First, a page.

The EU directive on irregular work is a positive step but it struggles with the contradiction of protecting workers from the labour-market risks transferred by capital.
Social Europe Blogs
This category brings together Social Europe blog posts. Our blog posts consist of shorter commentaries or analytical articles that often include charts and other visual elements and therefore structured differently compared to text-based comment and analysis pieces.
Not only is German animus towards Mario Draghi misplaced, Peter Bofinger argues. His stewardship of the European Central Bank has been a boon for the largest eurozone economy.
The Nordic countries, with their strong public spheres, are more supportive than those which elevate the family as a private institution.
Some orthodox economists predicted fiscal austerity would build confidence and so foster recovery. Yet at the end of the lost eurozone decade recession looms once more.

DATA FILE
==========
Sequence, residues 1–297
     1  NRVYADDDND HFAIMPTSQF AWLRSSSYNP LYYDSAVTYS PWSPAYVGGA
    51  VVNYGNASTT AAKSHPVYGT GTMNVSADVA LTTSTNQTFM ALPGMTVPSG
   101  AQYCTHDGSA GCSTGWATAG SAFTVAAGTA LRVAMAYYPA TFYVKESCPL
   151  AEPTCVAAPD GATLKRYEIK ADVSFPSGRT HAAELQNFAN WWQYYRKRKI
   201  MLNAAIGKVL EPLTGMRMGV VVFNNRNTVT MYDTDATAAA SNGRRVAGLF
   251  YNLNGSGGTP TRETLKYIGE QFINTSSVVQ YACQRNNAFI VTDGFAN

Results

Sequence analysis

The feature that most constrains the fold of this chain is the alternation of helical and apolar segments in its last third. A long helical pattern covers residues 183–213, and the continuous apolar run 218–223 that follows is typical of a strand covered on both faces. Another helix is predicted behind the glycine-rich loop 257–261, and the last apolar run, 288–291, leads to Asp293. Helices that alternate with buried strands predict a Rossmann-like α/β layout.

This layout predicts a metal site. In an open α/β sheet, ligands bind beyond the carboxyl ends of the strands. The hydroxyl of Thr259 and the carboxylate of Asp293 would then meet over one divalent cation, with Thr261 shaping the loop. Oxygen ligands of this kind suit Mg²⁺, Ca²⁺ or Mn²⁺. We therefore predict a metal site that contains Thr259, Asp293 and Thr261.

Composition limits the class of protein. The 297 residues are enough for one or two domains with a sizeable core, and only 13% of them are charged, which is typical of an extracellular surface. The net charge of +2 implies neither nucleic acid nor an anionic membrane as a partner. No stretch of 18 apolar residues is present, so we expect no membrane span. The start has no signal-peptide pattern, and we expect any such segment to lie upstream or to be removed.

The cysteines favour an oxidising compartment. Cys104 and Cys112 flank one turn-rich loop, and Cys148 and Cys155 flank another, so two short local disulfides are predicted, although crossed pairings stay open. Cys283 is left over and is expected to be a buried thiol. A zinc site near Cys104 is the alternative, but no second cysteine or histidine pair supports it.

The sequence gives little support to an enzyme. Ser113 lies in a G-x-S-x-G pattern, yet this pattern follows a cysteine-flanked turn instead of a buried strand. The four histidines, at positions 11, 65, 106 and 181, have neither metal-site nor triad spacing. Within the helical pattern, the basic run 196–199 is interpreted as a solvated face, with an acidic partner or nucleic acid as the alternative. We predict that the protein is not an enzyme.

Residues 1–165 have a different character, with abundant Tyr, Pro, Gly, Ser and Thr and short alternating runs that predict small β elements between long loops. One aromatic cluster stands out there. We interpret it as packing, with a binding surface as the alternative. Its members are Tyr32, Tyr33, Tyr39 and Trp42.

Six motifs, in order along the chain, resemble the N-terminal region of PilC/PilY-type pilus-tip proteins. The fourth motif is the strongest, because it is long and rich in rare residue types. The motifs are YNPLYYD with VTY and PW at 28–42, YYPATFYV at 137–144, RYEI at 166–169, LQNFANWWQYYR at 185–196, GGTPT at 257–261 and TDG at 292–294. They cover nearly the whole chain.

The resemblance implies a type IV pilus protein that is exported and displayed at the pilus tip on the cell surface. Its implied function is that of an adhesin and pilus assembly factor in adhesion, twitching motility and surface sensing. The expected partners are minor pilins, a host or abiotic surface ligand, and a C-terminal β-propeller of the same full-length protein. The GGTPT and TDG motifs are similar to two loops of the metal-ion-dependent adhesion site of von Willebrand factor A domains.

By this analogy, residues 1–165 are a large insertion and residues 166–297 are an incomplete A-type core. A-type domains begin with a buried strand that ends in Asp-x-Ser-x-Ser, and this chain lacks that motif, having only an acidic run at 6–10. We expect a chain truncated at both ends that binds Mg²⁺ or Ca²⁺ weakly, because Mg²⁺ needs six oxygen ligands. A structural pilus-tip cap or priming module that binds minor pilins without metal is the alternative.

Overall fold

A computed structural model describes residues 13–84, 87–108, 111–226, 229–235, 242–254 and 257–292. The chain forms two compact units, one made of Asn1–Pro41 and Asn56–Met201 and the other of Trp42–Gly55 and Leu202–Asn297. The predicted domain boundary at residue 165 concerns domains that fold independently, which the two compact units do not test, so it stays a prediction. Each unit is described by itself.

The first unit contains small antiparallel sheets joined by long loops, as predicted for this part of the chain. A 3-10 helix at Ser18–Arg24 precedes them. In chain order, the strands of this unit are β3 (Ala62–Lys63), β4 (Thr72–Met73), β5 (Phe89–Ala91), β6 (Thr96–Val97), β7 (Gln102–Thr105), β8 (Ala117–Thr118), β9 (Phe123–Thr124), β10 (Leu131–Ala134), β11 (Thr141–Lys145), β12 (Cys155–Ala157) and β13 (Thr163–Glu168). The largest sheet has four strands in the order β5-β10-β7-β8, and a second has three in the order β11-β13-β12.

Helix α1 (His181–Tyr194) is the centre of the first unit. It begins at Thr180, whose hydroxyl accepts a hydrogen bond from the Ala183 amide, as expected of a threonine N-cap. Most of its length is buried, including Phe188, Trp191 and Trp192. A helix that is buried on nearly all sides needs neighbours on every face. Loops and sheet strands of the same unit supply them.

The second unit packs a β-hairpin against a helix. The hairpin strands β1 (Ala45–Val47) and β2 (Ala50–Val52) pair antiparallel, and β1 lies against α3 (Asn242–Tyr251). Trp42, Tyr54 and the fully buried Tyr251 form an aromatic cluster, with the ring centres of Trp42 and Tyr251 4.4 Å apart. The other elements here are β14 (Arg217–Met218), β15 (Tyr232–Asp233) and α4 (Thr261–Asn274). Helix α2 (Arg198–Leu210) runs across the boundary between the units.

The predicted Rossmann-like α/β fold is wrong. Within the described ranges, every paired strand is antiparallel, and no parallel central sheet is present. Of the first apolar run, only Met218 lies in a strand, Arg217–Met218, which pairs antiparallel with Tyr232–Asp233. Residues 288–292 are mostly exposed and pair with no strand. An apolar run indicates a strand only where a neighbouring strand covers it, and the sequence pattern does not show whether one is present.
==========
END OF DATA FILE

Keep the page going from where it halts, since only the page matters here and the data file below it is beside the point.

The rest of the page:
As economic clouds darken once more, a eurozone without risk-sharing remains a eurozone at risk.
Most discussion of inequality in Europe is confined to individual member states. Aggregating incomes across the EU, however, presents a sobering picture.
Climate change is rapidly rising as a public concern across Europe and citizens can and must be involved in policy-making on the energy transition.
The United States should learn from the better performance of European companies which have worker representation on boards.
Raising wage floors is one way to reduce inequality and stimulate recovery in Europe. A big uplift in the Spanish minimum wage this year provides a test bed.
Libra means ‘balance’ in Latin. But Peter Bofinger argues that Facebook’s proposed cryptocurrency would be highly risky for holders and a giant enrichment programme for the company.
Discussion of the EU budget brings strife between supposed net contributors and beneficiaries. Yet the picture is more complex and Europe-wide taxation offers a way out.
Despite the economic recovery of recent years, persistent social imbalances—such as those affecting women and young people—must be taken into account in the debate on Europe’s future.